The number of gay and lesbian service members discharged under the military's "don't ask, don't tell" policy has dropped by almost half since the Sept. 11, 2001, terrorist attacks and is at its lowest level since the Defense Department began keeping such figures in 1997.
Significant declines have occurred in every branch of the armed forces, according to statistics released yesterday by the Pentagon. The Marine Corps, Air Force and Navy discharged fewer gay men and lesbians in 2004 than in any year since the Pentagon began tallying the number of its "homosexual separations" eight years ago. The Army's discharges represented the lowest number of discharges in five years.
Overall, the total number of service members discharged under the policy on gays in the military has dropped from a high of 1,227 in 2001 to 653 in 2004.
A Defense Department spokeswoman declined to comment on the statistics, referring questions to the individual services. Representatives for the services said they were hard pressed to single out a specific reason for the decline.
"Obviously, it's a very controversial issue," said Lt. Col. Bryan Hilferty, a spokesman for the personnel office in the Army, which, in relation to the total size of each of the services, had the highest proportion of gays departing last year. "I just got the figures," he said, "and I don't know why" they fell.
Gay rights organizations said the decline is easy to explain: Pressed for personnel since the battle against terrorism began, the military needs to keep its numbers up and is not discharging gays as it once did.
It may be more subtle than that, however, said Charles Moskos, professor emeritus of military sociology at Northwestern University and an architect of the "don't ask, don't tell" concept.
He said the vast majority of dismissals for violations of "don't ask, don't tell" come when service members volunteer their sexual orientation to their superiors. Less than 20 percent of the discharges resulted from personnel being caught with a member of the same sex in a compromising position or from investigations of their conduct.
A central reason for the decline may be that gays are not telling of their sexual orientation as frequently since 2001 -- or that military authorities are not releasing them from service, Moskos said in an interview.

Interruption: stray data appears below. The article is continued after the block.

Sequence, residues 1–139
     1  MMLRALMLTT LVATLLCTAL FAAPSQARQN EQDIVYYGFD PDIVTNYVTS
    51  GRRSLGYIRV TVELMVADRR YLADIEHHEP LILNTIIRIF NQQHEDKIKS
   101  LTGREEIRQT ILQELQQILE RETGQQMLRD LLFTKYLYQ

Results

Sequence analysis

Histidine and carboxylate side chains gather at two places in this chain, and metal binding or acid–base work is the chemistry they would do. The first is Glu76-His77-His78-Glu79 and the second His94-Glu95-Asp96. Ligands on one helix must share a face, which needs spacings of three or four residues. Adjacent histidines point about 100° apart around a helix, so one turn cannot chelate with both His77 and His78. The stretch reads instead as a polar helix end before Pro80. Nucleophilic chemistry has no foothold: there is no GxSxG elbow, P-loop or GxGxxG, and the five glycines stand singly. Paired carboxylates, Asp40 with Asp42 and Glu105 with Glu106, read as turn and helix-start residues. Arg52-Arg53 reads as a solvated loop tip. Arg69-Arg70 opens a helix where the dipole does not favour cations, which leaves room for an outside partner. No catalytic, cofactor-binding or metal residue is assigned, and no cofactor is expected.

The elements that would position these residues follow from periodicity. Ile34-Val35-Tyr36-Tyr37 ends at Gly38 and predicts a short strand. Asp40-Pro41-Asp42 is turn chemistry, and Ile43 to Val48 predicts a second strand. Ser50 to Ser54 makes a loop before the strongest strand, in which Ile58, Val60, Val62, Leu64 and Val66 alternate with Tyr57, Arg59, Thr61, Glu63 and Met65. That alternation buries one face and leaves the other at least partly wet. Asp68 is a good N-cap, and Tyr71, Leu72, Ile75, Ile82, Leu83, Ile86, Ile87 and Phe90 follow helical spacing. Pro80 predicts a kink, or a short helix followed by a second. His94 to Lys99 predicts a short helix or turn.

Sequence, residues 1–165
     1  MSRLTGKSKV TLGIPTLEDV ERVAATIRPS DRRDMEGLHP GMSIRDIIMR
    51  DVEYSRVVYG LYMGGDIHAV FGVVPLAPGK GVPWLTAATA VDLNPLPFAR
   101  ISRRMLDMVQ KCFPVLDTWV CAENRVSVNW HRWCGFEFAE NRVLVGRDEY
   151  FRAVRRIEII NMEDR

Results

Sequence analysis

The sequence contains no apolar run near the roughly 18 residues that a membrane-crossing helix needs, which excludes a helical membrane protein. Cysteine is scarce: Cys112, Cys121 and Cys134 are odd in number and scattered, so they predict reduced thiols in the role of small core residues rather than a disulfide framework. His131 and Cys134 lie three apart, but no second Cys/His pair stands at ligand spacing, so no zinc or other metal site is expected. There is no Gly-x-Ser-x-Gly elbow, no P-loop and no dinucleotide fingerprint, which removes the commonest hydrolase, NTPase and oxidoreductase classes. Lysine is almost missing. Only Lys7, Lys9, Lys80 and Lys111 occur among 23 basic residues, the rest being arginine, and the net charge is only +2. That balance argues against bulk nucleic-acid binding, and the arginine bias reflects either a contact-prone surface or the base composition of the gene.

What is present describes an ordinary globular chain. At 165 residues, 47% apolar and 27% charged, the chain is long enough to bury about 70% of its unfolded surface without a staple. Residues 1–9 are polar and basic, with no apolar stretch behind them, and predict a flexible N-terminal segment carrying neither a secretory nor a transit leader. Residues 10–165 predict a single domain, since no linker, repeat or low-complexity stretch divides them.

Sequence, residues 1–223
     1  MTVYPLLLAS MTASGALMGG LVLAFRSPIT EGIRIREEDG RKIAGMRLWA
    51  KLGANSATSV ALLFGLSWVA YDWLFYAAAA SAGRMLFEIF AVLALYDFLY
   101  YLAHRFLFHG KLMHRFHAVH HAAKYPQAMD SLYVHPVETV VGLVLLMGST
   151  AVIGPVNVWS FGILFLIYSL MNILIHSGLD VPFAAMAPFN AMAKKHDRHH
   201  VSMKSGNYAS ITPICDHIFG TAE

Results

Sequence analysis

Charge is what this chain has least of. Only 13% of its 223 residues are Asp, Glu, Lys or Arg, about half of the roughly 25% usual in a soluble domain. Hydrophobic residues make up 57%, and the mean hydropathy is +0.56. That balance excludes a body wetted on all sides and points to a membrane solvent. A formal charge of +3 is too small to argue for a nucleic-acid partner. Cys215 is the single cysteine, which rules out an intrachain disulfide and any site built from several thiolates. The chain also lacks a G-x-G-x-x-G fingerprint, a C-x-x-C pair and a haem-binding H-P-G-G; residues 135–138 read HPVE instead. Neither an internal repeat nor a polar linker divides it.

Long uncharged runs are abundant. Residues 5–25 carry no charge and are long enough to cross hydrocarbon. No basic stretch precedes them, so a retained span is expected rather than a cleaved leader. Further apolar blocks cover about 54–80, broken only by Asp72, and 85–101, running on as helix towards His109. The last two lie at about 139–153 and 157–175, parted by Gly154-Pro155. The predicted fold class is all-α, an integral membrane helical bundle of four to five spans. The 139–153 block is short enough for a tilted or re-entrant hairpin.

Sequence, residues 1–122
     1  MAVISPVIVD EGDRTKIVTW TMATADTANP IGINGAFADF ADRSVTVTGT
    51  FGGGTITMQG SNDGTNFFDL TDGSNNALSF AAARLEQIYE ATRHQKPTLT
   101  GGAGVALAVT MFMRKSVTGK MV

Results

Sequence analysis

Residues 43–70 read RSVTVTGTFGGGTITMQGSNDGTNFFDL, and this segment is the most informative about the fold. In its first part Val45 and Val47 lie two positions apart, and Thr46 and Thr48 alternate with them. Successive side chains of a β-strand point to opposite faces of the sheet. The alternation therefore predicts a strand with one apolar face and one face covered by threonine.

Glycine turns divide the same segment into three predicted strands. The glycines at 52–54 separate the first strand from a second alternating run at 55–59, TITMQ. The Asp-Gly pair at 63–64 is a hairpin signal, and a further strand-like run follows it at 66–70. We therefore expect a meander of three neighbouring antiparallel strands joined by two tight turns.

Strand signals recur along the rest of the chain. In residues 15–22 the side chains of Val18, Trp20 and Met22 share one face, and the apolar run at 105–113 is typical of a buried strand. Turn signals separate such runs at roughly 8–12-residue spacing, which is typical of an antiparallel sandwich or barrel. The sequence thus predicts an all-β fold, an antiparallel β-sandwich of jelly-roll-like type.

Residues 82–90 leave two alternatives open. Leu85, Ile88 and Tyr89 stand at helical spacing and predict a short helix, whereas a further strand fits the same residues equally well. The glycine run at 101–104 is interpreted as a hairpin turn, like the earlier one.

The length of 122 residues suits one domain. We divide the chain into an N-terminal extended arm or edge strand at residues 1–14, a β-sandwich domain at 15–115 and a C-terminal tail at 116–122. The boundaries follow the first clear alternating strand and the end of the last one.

He said that given the current stress on military services, individuals who say they are gay may not be immediately granted an honorable discharge.
"It may be that if someone tells . . . they don't let them go now," Moskos said. Declaring one's homosexuality is still "the easiest way to get out with an honorable discharge," he said, adding that "being a conscientious objector is a big hassle."
Military historians have recorded drops in the discharges of gays during war time dating to World War II, when the Pentagon officially adopted a ban on homosexual personnel.
"What has traditionally happened is that there is a decline during a war and then a spike in discharges right after," said Sharon Alexander, a lawyer for the Servicemembers Legal Defense Network, an advocacy group for gay men and lesbians in the military. "We noticed that during the Persian Gulf, the number of discharges was practically nonexistent and then it shot way up."
Groups that advocate for the abolishment of "don't ask, don't tell" said the new figures point out the hypocrisy of the military's position that homosexuals are bad for morale, given that gay men and lesbians are less likely to be discharged in times of war, when troops are needed most.
"Our general view is that these discharges show that we just don't need 'don't ask, don't tell,' " Alexander said. The numbers are down because, in a time of war, we need the best and the brightest that we can get. And the best and brightest include gay soldiers."
But, at a time when Arabic and Farsi translators are needed in Iraq and Afghanistan, the military continues to discharge gay linguists, Alexander said. "Twenty linguists have been discharged in the last five years, and I'd say that one discharge under 'don't ask, don't tell' is one too many at this point," she said.
In December, the Servicemembers Legal Defense Network filed a lawsuit against the Defense Department, Cook v. Rumsfeld, in federal court in Massachusetts on behalf of 12 lesbian and gay veterans seeking reinstatement in the armed forces. Each of the plaintiffs was discharged under "don't ask, don't tell," and three served in direct support of operations in the Middle East.
One of the plaintiffs, Jen Kopfstein, 29, is a 1999 graduate of the Naval Academy. She said in an interview that she served openly as a lesbian officer for two years and four months before she was finally discharged. At her discharge hearing, she said, her commanding officer defended her service.
"He didn't want to have to discharge me," said Kopfstein, who was first based in San Diego, where she now works for a defense contractor. She was on a ship in the Arabian Sea when she notified her commanding officer of her homosexuality. "I didn't want to have to lie about myself," she said. "He thought I was trying to get out, which was definitely not the case. He requested that they do a substantial investigation. They didn't respond for a year."
Bridget J. Wilson, a San Diego lawyer whose practice is devoted in part to representing troops, said that the military has a habit of overlooking a service member's sexual orientation when it sees fit.
"The new policy is not significantly different than the old policy," Wilson said. "It was always that some soldiers would be discharged if it was found out that they were gay, and others were not. It depends on who you are and where you serve, who your commander is, how much someone needs you or likes you."